The Implications of CISA BOD 23-02 on Internet-Exposed Management Interfaces for Federal Organizations

Posted: 6th July 2023
By: Sam Langrock & Esteban Borges
The Implications of CISA BOD 23-02 on  Internet-Exposed Management Interfaces for Federal Organizations

The Implications of CISA BOD 23-02 on Internet-Exposed Management Interfaces for Federal Organizations

In a recent effort to alert federal civilian institutions and similar governing bodies about the risks of exposing network management interfaces to the internet, the Cybersecurity and Infrastructure Security Agency (CISA) issued a Binding Operational Directive (BOD). This directive offers specific guidelines and recommendations aimed at minimizing the attack surface.

Issued as BOD 23-02, this latest best practices document highlights a 14-day timeline from identifying any exposed asset(s) to proper remediation. This post will explore its scope and required actions, helping you take appropriate measures if necessary.

Understanding the risks

First, it’s crucial to understand the risks associated with any exposed network and device management interfaces to the public internet to maintain a robust cyber defense. When these interfaces are accessible from the internet (see below), they become potential entry points for malicious actors to exploit, compromising critical infrastructure, sensitive data, and organizational resources.

security-implications-management-001.png Practice banned by CISA’s BOD 23-02—Source:

For instance, CISA's new directive addresses current and past incidents where threat actors exploited previously unknown vulnerabilities in popular networking products. These exploits led to ransomware and cyber espionage attacks against targeted organizations. Affected devices include firewalls or routers, often with remote management capability over protocols such as HTTP or RDP.

Best practices for mitigation

According to BOD 23-02's main document and accompanying implementation guide, after two weeks of receiving notification from CISA or upon discovering a networked management interface falling under the purview of the directive, agencies must take at least one of the following actions and protections:

  1. Isolate the interface from the internet, restricting access solely to the internal enterprise network (CISA suggests implementing an isolated management network or a VLAN).
  2. Deploy access control mechanisms aligned with a Zero Trust Architecture where technically feasible, thereby regulating interface access through a separate policy enforcement point (preferred course of action).

In particular, Zero Trust's role "in enforcing accurate, least privilege per-request access decisions in information systems and services" cannot be overstated. CISA considers this model to be an absolute requirement for network management interfaces to “remain accessible from the internet on networks where agencies employ capabilities to mediate all access to the interface in alignment with OMB M-22-09, NIST 800-207, the TIC 3.0 Capability Catalog, and CISA's Zero Trust Maturity Model.”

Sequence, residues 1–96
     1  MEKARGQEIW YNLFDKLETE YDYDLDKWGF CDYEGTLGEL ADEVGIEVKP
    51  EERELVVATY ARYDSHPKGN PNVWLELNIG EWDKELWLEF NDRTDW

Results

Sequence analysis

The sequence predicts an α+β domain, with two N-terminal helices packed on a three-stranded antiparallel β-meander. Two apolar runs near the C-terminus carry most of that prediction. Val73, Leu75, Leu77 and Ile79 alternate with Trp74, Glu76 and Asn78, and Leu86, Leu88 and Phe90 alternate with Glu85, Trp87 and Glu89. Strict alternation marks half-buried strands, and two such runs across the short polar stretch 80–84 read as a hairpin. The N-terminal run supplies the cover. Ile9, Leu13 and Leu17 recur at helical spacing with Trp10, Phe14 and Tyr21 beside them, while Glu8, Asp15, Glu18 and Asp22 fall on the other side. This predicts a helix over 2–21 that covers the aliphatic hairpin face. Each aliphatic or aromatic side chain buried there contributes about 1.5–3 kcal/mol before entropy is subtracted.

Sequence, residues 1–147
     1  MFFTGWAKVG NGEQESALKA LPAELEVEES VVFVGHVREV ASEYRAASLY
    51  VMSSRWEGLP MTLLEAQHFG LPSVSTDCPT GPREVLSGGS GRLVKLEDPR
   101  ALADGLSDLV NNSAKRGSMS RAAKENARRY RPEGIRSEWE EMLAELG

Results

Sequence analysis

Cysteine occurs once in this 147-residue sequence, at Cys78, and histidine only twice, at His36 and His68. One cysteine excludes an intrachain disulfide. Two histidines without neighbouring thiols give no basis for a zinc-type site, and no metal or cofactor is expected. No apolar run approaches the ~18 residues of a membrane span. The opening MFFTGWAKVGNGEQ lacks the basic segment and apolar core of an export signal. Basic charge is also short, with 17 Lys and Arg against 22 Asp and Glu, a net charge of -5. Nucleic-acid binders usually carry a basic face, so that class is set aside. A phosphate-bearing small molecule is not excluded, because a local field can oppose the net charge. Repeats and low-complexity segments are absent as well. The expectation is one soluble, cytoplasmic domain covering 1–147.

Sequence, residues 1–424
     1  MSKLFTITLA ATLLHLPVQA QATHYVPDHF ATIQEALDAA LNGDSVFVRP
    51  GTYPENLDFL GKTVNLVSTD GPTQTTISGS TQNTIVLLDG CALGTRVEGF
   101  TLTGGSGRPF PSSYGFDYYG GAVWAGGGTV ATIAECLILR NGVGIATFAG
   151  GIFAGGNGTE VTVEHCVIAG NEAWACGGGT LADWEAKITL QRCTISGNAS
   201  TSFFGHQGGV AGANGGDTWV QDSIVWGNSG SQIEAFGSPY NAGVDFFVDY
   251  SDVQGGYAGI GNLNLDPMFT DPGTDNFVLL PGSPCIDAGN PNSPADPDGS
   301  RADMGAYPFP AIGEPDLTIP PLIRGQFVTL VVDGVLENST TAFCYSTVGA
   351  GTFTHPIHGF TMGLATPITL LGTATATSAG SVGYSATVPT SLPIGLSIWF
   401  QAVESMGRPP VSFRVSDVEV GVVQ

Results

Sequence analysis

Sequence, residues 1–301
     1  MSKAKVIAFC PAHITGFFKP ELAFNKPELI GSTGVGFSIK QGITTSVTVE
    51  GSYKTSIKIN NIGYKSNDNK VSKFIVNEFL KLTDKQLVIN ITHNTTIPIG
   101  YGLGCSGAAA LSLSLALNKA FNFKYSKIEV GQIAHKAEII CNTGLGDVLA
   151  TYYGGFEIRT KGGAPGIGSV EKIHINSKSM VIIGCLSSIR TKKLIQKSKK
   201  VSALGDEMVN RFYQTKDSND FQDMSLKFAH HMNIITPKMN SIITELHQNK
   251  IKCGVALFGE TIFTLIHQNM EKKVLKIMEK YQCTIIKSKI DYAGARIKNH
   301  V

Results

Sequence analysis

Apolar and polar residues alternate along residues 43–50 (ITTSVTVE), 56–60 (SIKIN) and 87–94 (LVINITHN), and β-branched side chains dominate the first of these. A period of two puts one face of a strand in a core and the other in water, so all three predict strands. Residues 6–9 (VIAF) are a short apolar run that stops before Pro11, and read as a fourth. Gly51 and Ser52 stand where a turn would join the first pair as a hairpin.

Collaborative Efforts and Industry Solutions

Before establishing any controls or enforcement policies, CISA expects a thorough analysis and understanding of the attack surface—this involves correctly identifying all networked management interfaces (a foundational first step to risk mitigation.) In other words, proactive monitoring of these assets is crucial for effectively detecting and responding to potential threats.

Recorded Future Attack Surface Intelligence helps organizations gain visibility into their networked management interfaces. For example, we recently examined the risks and potential consequences of having login panels exposed to the Internet and how Attack Surface Intelligence addresses these challenges, specifically when it comes to finding remote management interfaces over public internet in popular protocols such as the HTTP and HTTPS, this includes, but is not limited to out of band server management interfaces (such as iLo and iDRAC), mobile security platforms, SSL VPN interfaces, or popular Firewalls.

security-implications-management-002.png Exposed login panels detected by Recorded Future Attack Surface Intelligence

Similarly, the principles and best practices outlined in BOD 23-02 align with the importance of protecting publicly-exposed network management interfaces (which login panels can be part of) and utilizing Attack Surface Intelligence to identify and manage such risks.

Final words

In summary, safeguarding network management interfaces from exposure to the public internet is paramount in mitigating critical cybersecurity risks. Initiatives like CISA's BOD 23-02 underscore the need for comprehensive risk mitigation strategies, emphasizing these interfaces' identification, protection, and monitoring.

By implementing the best practices detailed in the directive, assisted by Attack Surface Intelligence, organizations can fortify their security posture, swiftly detect and respond to potential threats, and safeguard critical assets from unauthorized access and exploitation. Maintaining a comprehensive understanding of the attack surface and leveraging appropriate security measures are crucial to building resilience in the face of evolving cyber threats.

Learn more about how Attack Surface Intelligence can keep your organization secure by booking your demo today.